Raging Waters

From Wikipedia, the free encyclopedia

Raging Waters
IndustryWater park
Area served
California, United States
OwnerPalace Entertainment
ParentParques Reunidos

Raging Waters are a chain of four water theme parks in Sacramento, San Dimas, San Jose, California, and Sydney, Australia. The parks are operated by Palace Entertainment and owned by its parent company Parques Reunidos, but they each contain different attractions. The parks are generally closed during the winter months.

Raging Waters Los Angeles[edit]

A play area for young children at Raging Waters San Dimas

Raging Waters Los Angeles opened June 18, 1983, located in Los Angeles County in the city of San Dimas, near SR 57 between Interstate 10 and Interstate 210. Park officials described it as California's largest water park in 2011.[1] The park was formerly known as "Raging Waters San Dimas", but as of 2016, official media was using the name "Raging Waters Los Angeles" for this location.[2] The park was featured in the 1989 movie, Bill & Ted's Excellent Adventure.[3]


"Little Dipper Lagoon", another play area for children, at Raging Waters San Dimas

Aqua Rocket is a coaster-style slide that uses magnetic propulsion to propel a raft up hills.

Amazon Adventure is a quarter-mile-long, 3-foot-deep (0.9 m), tropical river that runs through a section of the park. Riders sit in rafts as the current pulls them around the river route.

Bermuda Triangle consists of three twisting, turning, downward tunnels that recycle more than 2,500 gallons of water a minute and make riders feel like they have entered the Bermuda Triangle.

Bombs Away will open in 2023.[4] It will be two trapdoor slides one with an open free fall drop and the other with an enclosed loop.[5]

Dark Hole is a system of two fiberglass tunnels with a total drop of fifty-two feet. Riders used to sit in a single-person raft identical to the ones used in Amazon River, but as of 2016 riders sit in a two-person raft speeding through the total darkness of the long flumes, the first of its kind in the country. Riders travel at a speed of 26 miles per hour.[4]

Dr. Von Dark's Tunnel of Terror is a slide in which riders experience a 40-foot drop into a dark tunnel. Riders will then drop into a small mini-funnel.

Dragon's Den is a slide which debuted in 2004 and is a two-rider tube ride that sends guests plummeting down a steep 45-foot (14 m) tunnel,[4] circling around a 35-foot (11 m) bowl 9-foot (2.7 m) until they fall through a secret tunnel at the bottom. As of 2016, Dragon's Den is ridden as a single-rider with tubes identical to the ones used in Amazon River.

DropOut is a seven-story body slide. Riders plunge at a near free fall, reaching speeds close to 40 miles per hour. Some riders will lift off the slide when coming down. As of 2021 season was closed and removed.[4]

High Extreme at Raging Waters San Dimas, with dining area visible in foreground

Other parks[edit]

View of Raging Waters San Jose

Raging Waters San Jose is located in Lake Cunningham Park in East San Jose, adjacent to Capitol Expressway, Eastridge Mall, Eastridge Transit Center and Reid-Hillview Airport. The park opened to the public in 1985, and is the largest water park in Northern California.[6]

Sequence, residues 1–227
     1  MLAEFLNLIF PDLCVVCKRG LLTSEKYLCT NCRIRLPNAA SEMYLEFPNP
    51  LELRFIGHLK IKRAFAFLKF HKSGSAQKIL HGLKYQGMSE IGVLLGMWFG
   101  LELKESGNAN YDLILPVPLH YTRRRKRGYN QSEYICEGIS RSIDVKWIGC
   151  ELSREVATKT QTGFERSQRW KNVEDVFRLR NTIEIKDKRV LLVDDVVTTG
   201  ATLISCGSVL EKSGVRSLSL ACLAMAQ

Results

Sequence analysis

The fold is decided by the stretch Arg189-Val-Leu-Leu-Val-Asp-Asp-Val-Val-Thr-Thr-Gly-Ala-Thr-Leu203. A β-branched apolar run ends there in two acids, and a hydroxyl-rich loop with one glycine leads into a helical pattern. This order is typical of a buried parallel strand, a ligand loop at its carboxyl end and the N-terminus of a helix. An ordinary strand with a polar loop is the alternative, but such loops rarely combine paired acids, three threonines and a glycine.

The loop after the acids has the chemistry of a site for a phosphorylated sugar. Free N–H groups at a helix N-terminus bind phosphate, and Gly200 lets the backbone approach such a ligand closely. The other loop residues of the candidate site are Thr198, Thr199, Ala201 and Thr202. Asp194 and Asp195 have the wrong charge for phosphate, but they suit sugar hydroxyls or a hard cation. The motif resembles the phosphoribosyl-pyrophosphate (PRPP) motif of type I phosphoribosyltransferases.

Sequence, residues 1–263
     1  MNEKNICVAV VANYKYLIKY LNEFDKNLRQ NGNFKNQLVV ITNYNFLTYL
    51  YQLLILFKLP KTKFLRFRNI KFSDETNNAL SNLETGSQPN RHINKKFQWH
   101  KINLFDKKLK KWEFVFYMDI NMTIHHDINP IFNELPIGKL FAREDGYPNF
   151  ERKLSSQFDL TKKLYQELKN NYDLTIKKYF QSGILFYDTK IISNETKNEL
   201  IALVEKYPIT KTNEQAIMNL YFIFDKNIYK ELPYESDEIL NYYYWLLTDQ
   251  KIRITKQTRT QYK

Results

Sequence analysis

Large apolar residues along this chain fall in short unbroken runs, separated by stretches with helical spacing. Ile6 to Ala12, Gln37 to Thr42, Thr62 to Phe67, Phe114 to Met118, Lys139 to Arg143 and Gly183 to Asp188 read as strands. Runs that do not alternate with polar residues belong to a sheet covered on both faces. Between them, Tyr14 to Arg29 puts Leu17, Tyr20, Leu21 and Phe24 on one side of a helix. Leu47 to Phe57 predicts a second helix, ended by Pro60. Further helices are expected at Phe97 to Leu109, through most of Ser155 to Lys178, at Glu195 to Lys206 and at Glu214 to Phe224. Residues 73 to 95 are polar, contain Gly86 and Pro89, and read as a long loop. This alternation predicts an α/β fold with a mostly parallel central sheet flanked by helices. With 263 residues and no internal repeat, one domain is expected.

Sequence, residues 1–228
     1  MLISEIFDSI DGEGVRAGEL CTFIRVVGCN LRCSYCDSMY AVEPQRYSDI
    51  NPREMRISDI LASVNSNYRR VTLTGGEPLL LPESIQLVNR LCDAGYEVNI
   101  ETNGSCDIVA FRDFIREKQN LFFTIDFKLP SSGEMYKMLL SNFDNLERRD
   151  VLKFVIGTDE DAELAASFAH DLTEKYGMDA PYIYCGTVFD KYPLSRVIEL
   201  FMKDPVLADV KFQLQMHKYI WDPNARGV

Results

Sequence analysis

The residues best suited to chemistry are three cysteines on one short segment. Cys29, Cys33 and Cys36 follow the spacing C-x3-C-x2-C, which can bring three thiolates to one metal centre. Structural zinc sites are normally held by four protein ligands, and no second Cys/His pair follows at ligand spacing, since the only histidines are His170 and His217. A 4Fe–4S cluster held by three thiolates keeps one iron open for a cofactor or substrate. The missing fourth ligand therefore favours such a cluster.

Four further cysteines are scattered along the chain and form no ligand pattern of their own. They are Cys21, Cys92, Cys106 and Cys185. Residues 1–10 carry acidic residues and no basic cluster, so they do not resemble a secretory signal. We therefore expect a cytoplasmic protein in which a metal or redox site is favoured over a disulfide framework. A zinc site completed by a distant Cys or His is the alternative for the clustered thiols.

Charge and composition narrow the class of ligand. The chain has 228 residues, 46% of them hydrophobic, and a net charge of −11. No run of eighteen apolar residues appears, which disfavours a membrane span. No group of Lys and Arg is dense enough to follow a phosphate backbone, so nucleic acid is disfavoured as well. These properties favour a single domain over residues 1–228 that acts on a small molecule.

Raging Waters Sydney is located in Greater Western Sydney, and was formerly known as Wet'n'Wild until being acquired in 2018 by Parques Reunidos.

Raging Waters Sacramento water park is located at Cal Expo and was formerly known as Six Flags Waterworld. Palace Entertainment would terminate there lease on November 8th, 2022 "after a careful review of company priorities".

There is a park named Raging Waters in Wildwood, New Jersey, but only the three California Raging Waters parks are owned by Palace Entertainment. Until early 2011, there was also a Raging Waters park in Salt Lake City, Utah, later operated as Seven Peaks Salt Lake.[7] The Raging Waters/Seven Peaks park in Salt Lake City would close down in 2018 with the site being demolished in 2021.[8]


  1. ^ Jauregui, Andres (October 21, 2011). "Water Parks In Southern California: A Huffington Post Travel Guide". Huff Post. Retrieved June 11, 2017.
  2. ^ RagingWatersLA (April 8, 2016). "Five weeks until Opening Day! #LiveForSummer with a @RagingWatersLA Season Pass! BUY NOW!". Twitter. Retrieved June 11, 2017.
  3. ^ David Allen (August 7, 2010). "This 'Bill and Ted' fact isn't bogus". The San Bernardino Sun. Retrieved August 23, 2022.
  4. ^ a b c d "Family & Kid-Friendly Things to Do in Los Angeles - Attractions". Raging Waters Los Angeles. Retrieved June 11, 2017.
  5. ^ "RAGING WATERS LOS ANGELES ANNOUNCES NEW BOMBS AWAY, SIX-STORY FREE-FALL SLIDES FOR SUMMER 2020 SEASON" (PDF) (Press release). San Dimas, California. August 12, 2019. Archived from the original (PDF) on September 15, 2021. Retrieved September 15, 2021.
  6. ^ "Raging Waters San Jose - Attractions". Raging Waters San Jose. Retrieved May 12, 2020.
  7. ^ "FAQ". SevenPeaks.com. Archived from the original on April 20, 2015. Retrieved June 11, 2017.
  8. ^ Nelson, Paul (October 15, 2021). "Demolition begins at abandoned Raging Waters/Seven Peaks water park". KSL. Retrieved July 14, 2022.

External links[edit]